The solar investment tax credit (ITC) can deliver a 10% internal rate of return to taxpayers on the U.S. government's initial investment, according to a new report published by the U.S. Partnership for Renewable Finance (PREF), a program of the American Council On Renewable Energy (ACORE).
The study examined the cashflows generated by tax revenues on solar leases and power purchase agreements and found that a $10,500 tax credit for a residential system can provide a $22,882 nominal benefit to the government in those scenarios over the life of the solar asset, and a $300,000 commercial solar credit can create a $677,627 nominal benefit in a similar time period, PREF explains.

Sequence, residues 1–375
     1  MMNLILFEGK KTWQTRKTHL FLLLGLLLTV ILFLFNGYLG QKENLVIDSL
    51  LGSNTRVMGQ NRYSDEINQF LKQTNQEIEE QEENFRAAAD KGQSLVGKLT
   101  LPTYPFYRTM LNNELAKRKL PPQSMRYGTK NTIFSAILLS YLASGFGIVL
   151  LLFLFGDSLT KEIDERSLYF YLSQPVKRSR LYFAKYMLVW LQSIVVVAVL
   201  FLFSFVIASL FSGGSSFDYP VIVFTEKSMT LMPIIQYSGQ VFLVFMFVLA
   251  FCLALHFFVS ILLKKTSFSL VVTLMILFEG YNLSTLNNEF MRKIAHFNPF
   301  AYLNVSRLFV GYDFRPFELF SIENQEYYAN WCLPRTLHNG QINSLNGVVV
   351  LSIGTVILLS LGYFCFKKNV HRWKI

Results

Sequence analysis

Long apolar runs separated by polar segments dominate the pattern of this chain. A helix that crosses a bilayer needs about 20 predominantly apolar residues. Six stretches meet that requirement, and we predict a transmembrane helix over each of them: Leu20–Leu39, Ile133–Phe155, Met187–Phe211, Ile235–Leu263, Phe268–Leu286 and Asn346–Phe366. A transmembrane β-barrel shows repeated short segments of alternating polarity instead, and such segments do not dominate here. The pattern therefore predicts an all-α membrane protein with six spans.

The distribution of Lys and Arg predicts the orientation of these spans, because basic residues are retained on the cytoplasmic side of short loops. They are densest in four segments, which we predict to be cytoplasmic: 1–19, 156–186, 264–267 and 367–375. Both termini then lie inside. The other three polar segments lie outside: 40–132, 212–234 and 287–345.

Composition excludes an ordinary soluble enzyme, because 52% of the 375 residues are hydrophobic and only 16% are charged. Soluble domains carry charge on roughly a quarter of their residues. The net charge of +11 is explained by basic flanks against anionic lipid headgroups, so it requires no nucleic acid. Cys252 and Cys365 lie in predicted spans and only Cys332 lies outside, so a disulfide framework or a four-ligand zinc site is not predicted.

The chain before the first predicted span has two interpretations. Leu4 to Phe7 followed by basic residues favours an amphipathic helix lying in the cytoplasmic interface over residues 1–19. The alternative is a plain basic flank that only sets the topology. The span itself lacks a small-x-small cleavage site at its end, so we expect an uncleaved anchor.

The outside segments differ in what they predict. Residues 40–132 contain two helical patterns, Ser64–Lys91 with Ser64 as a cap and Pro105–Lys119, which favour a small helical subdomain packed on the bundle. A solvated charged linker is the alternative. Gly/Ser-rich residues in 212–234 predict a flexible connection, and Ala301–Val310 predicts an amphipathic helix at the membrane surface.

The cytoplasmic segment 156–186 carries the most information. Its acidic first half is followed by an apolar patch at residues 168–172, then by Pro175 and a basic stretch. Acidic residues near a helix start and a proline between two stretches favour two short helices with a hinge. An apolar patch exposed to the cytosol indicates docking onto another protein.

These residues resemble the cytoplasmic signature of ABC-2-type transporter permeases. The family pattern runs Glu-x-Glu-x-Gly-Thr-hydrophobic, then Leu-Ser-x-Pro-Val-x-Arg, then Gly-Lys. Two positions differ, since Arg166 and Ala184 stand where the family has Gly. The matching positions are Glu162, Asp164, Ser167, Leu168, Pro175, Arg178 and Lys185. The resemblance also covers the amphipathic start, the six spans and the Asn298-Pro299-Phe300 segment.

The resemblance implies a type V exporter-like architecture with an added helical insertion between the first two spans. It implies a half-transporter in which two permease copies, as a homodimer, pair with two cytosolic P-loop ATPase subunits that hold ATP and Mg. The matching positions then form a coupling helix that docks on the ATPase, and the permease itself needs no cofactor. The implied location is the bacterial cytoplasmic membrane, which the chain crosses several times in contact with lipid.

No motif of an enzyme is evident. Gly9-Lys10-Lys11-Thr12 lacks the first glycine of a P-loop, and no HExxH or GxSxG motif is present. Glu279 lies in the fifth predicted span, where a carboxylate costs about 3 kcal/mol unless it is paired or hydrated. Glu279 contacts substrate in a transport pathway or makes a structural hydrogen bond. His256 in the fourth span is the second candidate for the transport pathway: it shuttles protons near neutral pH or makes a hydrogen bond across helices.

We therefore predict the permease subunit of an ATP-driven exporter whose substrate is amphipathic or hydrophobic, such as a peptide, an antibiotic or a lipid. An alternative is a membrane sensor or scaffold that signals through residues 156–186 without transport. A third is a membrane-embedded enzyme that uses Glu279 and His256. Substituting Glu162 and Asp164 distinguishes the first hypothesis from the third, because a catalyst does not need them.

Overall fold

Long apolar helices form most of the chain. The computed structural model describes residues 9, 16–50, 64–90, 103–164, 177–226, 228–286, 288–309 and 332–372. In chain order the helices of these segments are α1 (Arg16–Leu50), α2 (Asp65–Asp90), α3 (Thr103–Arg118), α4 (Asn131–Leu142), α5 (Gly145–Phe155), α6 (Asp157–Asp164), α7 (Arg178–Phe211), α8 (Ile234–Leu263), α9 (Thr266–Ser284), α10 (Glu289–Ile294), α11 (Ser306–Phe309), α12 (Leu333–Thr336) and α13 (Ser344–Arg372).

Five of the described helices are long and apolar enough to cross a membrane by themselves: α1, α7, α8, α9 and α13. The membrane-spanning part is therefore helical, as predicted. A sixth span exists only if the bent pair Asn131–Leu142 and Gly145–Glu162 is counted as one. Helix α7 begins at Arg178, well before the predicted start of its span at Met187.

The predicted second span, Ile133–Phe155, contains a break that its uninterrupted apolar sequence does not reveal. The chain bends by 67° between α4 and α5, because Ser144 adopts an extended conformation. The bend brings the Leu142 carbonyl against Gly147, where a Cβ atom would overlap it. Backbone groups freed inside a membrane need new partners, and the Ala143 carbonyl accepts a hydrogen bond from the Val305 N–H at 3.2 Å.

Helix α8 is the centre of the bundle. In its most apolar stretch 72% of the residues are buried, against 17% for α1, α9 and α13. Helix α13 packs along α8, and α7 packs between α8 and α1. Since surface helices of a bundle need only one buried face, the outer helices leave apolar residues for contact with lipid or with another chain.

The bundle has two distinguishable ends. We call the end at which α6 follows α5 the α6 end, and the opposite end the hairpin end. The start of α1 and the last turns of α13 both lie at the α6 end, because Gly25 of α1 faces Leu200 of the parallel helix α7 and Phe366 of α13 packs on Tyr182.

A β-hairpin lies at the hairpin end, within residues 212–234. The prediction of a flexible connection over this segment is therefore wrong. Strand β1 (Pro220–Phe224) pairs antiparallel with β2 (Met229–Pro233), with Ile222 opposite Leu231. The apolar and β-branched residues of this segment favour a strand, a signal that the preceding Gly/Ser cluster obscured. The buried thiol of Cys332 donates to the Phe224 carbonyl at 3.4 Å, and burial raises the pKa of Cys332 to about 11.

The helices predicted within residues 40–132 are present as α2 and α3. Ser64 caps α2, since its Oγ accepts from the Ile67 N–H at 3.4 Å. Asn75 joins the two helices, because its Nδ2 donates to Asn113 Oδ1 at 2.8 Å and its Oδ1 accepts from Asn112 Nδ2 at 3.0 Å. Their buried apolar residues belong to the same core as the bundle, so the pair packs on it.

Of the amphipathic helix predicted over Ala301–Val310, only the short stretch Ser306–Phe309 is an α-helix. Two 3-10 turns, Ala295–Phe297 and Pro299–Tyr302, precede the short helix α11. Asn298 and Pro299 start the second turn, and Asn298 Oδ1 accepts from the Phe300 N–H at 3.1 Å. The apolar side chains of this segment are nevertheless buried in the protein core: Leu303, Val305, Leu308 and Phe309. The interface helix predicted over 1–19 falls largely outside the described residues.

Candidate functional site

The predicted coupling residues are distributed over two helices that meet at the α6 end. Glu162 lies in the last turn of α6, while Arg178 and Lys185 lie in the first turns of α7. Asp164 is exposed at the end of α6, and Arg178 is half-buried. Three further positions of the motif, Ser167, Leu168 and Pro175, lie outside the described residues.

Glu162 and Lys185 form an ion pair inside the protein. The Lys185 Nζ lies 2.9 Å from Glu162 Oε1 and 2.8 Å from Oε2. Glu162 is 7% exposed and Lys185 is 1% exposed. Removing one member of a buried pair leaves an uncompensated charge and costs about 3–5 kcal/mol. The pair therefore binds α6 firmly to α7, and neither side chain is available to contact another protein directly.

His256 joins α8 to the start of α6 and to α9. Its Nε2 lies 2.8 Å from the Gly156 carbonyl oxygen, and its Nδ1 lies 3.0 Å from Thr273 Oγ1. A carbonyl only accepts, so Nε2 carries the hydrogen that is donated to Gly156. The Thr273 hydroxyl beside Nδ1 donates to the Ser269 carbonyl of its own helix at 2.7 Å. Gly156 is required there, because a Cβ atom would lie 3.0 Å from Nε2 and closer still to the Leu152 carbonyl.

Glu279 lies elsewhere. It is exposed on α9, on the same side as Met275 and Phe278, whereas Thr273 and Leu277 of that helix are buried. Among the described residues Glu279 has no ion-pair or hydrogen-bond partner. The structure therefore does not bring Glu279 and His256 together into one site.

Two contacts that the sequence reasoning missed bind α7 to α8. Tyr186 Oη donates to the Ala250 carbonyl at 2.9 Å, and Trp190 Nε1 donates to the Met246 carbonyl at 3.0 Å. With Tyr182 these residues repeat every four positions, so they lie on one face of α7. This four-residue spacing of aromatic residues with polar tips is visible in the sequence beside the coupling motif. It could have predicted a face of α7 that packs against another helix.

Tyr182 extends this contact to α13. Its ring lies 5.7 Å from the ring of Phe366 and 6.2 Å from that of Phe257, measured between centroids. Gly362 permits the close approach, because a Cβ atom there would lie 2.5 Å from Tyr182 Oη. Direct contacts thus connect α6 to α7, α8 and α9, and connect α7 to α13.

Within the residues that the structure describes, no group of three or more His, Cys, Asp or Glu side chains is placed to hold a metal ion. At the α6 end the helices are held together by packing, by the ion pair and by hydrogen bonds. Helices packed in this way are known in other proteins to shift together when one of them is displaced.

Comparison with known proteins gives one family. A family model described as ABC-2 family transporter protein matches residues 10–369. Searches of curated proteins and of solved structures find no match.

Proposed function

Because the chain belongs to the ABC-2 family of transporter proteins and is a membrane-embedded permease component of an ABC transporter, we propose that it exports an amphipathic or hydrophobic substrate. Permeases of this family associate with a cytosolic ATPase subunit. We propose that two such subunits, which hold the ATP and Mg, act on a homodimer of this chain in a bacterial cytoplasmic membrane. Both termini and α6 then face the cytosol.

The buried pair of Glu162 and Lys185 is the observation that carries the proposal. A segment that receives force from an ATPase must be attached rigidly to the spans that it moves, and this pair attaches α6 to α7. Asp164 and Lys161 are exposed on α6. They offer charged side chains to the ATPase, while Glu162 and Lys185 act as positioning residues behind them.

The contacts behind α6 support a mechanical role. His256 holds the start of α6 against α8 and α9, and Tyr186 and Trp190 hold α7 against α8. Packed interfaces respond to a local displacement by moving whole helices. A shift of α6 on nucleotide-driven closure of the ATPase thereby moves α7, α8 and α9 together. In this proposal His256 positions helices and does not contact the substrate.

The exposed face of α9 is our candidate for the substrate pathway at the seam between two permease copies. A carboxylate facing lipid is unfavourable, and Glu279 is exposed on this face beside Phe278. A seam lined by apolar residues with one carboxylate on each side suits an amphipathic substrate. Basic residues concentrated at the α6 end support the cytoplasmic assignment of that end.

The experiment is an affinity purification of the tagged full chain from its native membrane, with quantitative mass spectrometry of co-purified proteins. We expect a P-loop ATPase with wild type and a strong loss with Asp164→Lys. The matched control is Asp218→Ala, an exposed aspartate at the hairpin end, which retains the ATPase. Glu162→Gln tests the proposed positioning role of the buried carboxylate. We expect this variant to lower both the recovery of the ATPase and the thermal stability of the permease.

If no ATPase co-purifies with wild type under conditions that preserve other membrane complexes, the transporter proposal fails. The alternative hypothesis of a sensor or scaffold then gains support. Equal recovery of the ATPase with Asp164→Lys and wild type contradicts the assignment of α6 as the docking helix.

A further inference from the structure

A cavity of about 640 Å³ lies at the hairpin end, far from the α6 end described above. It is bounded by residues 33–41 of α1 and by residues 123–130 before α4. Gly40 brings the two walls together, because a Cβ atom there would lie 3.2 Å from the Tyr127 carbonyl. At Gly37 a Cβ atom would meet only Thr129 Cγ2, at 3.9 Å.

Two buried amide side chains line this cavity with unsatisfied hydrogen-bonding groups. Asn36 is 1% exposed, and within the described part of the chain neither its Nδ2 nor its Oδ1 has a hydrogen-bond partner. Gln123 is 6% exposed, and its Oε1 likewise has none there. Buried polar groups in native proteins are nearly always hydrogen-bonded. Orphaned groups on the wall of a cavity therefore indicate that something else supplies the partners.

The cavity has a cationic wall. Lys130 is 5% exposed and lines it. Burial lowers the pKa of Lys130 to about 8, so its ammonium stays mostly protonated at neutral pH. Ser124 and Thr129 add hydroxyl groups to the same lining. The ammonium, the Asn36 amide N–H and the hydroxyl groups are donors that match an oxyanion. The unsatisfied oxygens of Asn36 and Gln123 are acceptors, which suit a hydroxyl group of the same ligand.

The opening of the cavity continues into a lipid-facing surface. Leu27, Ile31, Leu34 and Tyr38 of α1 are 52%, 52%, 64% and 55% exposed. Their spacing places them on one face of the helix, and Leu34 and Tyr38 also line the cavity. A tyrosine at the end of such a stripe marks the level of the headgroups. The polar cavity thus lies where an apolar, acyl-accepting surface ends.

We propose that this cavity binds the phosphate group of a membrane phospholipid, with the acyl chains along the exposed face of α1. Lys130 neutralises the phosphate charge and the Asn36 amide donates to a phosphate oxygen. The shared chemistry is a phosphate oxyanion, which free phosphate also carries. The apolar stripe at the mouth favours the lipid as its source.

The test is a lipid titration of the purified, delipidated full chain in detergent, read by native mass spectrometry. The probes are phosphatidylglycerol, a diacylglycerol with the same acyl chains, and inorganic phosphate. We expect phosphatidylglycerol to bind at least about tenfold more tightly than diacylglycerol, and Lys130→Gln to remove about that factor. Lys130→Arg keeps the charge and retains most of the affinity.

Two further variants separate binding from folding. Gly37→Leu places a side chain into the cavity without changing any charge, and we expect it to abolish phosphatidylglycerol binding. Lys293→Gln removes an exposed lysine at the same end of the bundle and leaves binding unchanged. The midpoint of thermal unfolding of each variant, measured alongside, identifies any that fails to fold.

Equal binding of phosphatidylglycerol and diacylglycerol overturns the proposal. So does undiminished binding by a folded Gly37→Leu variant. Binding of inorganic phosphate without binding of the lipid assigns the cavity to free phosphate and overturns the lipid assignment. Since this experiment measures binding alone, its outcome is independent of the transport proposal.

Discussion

SolarCity, a member of PREF, created the models for the study based on industry data and consulted with tax and advisory firm KPMG on the application of current income tax law and evaluation methodology for federal government incentives.
‘Everyone understands that solar power leads to cleaner air and greater independence from fossil fuel,’ says Lyndon Rive, SolarCity's CEO. ‘Far fewer people realize that solar incentives can pay for themselves. Solar power has become a political football in this election year, but the investment tax credit has been one of the most beneficial, bipartisan energy policies of this or any other generation.’
‘The ITC has been very effective in stimulating private-sector investment in solar energy, enhancing our nation's energy and economic security by diversifying our energy mix and improving our quality of life through a cleaner environment,’ adds ACORE CEO Dennis V. McGinn." This policy is both effective and fiscally prudent.’